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Saturday, May 26, 2018

Fiction Review: The Bargain



The Bargain, by Aaron D. Gansky gives me a new favorite author.  When deciding to get this book, I read the reviews. One said Gansky’s writing was “so tight you could bounce a dime on it.” The reviewer was right. His style is spare and brilliant.

The story begins with Nadine’s cancer, her visit with her sister, and her husband Connor’s feelings of helplessness along with his “why” questions. Their marriage has been wonderful, yet she is suffering. Connor Reedly, an accomplished journalist, meets Mason, who tells him he has a message from God for him. (This was hard for me to swallow, since I don’t believe in extra-biblical revelation, but it is fiction, so I decided to continue reading. I’m glad I did.) The Bargain is a challenge. If Connor will interview and write about ten “good” people in the desert town, his wife will get better. Mason will pay him $25,000.

Connor isn’t a believer, but he loves Nadine, and he’ll do anything for her. He begins the project with a chip on his shoulder, resenting that to complete the challenge, he’s not spending time with her—in her last days. Mason introduces him to the most unlikely “good” people and tells his own story. Connor is threatened, shot, and what little faith he has is rattled to the core. This is a tale of humanity and growth and especially, of salvation.

Each chapter tells one of the stories. They are raw and unadorned. They will touch your heart and cause you to think differently about those around you. The desert setting and the town itself couldn’t be better for what you learn about the harsh lives of its people.

As Connor interviews people and writes their stories, he notices his wife improving in health. He is tired and miserable as he completes his part of the bargain, but when he meets someone who preaches Truth to his soul, he begins to understand.

I enjoyed this book immensely. It isn’t a “happy” read, but it’s real and satisfying. Gansky’s writing is amazing.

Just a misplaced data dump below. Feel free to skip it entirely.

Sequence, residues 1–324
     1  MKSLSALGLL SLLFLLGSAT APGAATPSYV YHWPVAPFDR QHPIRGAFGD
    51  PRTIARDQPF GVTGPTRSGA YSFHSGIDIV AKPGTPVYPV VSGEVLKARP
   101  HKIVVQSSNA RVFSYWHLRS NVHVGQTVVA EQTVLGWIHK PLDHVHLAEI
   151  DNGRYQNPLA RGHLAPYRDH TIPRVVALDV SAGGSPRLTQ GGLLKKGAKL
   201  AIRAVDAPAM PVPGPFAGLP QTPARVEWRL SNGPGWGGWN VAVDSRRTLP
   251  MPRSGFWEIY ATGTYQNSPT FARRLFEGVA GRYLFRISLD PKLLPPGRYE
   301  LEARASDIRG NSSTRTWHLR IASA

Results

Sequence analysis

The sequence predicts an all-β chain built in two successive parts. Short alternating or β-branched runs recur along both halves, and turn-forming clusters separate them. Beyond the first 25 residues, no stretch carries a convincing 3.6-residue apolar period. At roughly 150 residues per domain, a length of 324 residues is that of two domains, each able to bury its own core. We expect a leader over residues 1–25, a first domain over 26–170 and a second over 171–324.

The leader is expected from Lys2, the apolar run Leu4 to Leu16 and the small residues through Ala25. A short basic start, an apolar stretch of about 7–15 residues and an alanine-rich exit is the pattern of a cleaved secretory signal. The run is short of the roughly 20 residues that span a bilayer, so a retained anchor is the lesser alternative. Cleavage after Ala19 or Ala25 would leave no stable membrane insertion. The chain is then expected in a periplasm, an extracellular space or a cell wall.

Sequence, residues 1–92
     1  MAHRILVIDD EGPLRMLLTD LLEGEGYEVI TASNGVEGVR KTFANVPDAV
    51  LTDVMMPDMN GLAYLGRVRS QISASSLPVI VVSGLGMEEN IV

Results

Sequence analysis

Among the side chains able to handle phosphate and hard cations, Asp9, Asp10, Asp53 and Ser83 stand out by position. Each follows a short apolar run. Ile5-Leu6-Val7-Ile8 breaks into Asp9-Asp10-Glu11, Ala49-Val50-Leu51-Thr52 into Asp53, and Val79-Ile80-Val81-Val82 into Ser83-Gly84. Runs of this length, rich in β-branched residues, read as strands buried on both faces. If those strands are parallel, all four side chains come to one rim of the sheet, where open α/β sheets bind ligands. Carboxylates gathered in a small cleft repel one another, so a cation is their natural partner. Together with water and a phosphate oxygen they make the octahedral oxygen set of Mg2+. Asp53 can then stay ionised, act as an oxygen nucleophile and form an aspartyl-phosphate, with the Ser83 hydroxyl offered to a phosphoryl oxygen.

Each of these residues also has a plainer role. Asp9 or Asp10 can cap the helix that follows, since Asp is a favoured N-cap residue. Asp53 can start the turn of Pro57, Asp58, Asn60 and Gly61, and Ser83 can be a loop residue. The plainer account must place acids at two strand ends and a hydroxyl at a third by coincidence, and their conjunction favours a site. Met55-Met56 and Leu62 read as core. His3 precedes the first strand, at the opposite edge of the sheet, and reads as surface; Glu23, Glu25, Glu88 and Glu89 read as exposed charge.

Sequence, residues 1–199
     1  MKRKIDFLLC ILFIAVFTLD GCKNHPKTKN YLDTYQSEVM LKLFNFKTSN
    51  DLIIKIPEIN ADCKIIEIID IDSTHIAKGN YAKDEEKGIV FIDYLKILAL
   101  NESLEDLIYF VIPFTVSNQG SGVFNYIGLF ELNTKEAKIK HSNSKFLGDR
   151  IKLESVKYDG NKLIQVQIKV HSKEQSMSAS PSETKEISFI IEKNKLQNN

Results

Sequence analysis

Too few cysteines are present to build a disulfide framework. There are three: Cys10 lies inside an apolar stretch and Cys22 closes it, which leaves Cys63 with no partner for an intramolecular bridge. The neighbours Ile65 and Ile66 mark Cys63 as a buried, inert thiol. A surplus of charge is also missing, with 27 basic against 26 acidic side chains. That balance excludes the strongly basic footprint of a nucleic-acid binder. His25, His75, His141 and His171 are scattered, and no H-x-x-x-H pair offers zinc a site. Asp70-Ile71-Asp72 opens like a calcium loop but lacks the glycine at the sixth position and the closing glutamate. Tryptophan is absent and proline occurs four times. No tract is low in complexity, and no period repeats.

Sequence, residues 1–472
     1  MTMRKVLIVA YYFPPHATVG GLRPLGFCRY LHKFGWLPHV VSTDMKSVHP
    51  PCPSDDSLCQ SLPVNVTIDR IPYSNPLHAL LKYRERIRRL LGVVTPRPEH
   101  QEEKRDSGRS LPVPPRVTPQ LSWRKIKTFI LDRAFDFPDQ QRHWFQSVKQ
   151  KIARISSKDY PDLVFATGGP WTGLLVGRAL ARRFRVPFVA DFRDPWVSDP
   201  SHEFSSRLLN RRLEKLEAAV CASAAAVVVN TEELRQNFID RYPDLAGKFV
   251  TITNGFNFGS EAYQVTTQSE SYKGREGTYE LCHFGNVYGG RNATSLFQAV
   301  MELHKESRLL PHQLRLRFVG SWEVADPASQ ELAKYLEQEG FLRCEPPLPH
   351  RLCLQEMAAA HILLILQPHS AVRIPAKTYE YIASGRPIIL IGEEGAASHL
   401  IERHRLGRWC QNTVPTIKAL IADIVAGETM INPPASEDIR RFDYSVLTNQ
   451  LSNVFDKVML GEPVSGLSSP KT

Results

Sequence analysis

There are a couple of crude words used sparingly and no profanity at all. There is some violence. A few of the stories involve prostitutes, sexual sins, and extremely sad situations. There is no explicit content. Because of many of the themes, it’s a book for adults only.

Monday, May 21, 2018

Sowing and Reaping: Five Practical Applications



We’ve probably all heard the adage: “you reap what you sow.” It’s an adaptation of the verse: for whatsoever a man soweth, that shall he also reap (Galatians 6:7b). The context reads like this: Be not deceived; God is not mocked: for whatsoever a man soweth, that shall he also reap. For he that soweth to his flesh shall of the flesh reap corruption; but he that soweth to the Spirit shall of the Spirit reap life everlasting (Galatians 6:7-8). It’s a warning and a key biblical principle. What you invest in will reap dividends—for good or bad. This doesn’t mean, of course, that people are doomed because of a few sinful decisions. Anyone can overcome with the Lord’s help, but it does mean that there are consequences for actions.

This principle is taught all through Scripture with references to planting different crops and enjoying the fruits of labor and parallel spiritual lessons. Here are a few of the many applications in the Bible: